But that's different, people say to me. Homosexuality is wrong, corrupt, damaging to society. Well, I've yet to see evidence of that, and even if it were true, I'd argue that many people think that young, emotionally messed-up people are also potentially wrong, corrupt and damaging to society. But no-one votes on their marriages.

When two straight people get engaged, it's all about the ring, the wedding, the excitement of seeing such brilliant optimism not only expressed, but doubled. Who can resist people in love?

Our attitude toward homosexuality is troubling. First of all, the entire emphasis seems to be on the second half of the word: sexuality. Sex! Gay sex! Gays having gay sex with other gays! Come on. Grow up. When two straight people want to get married, I doubt anyone spends much time considering what kind of sex they are into. Why? Because marriage is not about sex. Physical expressions of love and lust are a part of it, but if you are only interested in sex, you don't need to get married in order to have it: gay, straight or any combination thereof. Gay people don't want to get married so they can have lots of gay sex, and, frankly, if they do, that's their business. The problem is we sexualize gay folks. We don't see them as whole people.

One example of this is girl-on-girl porn. There is a great deal of it. While I haven't conducted a scientific survey, it seems that this is not actually aimed at lesbians. Girl-on-girl porn is somewhat popular with heterosexual men; it's acceptable for straight people to watch women stimulate each other's genitalia. Those women are whole people. Should we vote on whether they get to have sex when no one is recording it? Should they be allowed to cuddle afterwards? Have breakfast together? Get married and raise a family?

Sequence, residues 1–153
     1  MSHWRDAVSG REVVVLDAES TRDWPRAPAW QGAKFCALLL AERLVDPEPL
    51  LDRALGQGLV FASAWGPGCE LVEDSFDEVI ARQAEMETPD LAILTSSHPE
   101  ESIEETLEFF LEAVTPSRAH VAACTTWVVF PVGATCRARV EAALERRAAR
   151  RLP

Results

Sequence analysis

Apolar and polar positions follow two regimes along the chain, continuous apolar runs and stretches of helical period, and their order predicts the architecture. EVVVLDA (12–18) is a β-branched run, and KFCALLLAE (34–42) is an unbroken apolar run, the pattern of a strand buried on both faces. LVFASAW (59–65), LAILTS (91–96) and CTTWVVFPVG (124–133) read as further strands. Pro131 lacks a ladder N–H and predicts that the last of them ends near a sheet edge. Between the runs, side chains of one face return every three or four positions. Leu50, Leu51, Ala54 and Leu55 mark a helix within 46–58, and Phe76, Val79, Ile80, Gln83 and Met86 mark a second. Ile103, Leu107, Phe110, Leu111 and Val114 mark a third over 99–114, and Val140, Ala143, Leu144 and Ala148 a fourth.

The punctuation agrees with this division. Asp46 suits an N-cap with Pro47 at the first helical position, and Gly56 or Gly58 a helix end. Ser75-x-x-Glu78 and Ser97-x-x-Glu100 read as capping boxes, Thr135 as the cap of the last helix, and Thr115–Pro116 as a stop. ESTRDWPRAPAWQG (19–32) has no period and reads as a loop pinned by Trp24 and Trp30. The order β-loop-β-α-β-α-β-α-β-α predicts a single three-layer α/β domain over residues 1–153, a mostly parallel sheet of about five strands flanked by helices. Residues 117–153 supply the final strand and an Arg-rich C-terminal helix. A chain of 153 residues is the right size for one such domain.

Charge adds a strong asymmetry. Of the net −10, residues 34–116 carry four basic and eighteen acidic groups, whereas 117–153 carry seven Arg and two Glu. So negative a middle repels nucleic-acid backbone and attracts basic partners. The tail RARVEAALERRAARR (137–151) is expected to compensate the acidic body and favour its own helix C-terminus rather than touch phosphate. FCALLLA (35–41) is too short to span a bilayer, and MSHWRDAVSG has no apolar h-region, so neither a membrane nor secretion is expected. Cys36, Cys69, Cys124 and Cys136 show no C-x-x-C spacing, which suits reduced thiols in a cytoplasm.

Are we really investing ourselves with the moral authority to decide that for other people?

Yes, it seems that we are. By the way, If you're a straight man who has ever enjoyed watching women make out or have sex, I sincerely hope you support their right to have a full relationship. If you don't, I'd love to hear why.

American is not a religion; it is a nation. We claim to hold certain truths to be self-evident. That means some truths should be a given -- not debated, not voted on. Given. By virtue of being a citizen of this country, each American should have access to the same rights.

Instead, we have created, in America, in the year 2012, a priestly caste of people who believe that their interpretation of certain Scriptures should be used to decide others' fate. We are asking the larger community to take part in deciding who marries whom. We aren't practicing magic but we are using means acceptable in our society to control the lives of other adults. We are reducing erotic homosexual expression to either a bogeyman or a means of entertainment for heterosexuals. We are in a position of power over our country-men and -women, and we are fully willing to use that power to decide how they may live their lives. Not who (we can't stop that), but how they may love.

We are perverting our precious and useful system of democracy to invest ourselves with unearned and tyrannical power over the lives of other Americans.

Next week, I will go out with my husband and we will cast our vote on the Minnesota Marriage Amendment, which aims to further exclude gay couples from the civil right that we stumbled into, ill-advised and clueless, but have enjoyed for 17 years. The ballot will ask me if I wish for "Recognition of Marriage Solely Between One Man and One Woman."

I will vote NO. I will encourage everyone I know to do the same. But it makes me feel ashamed of myself, of all of us, that our vote counts.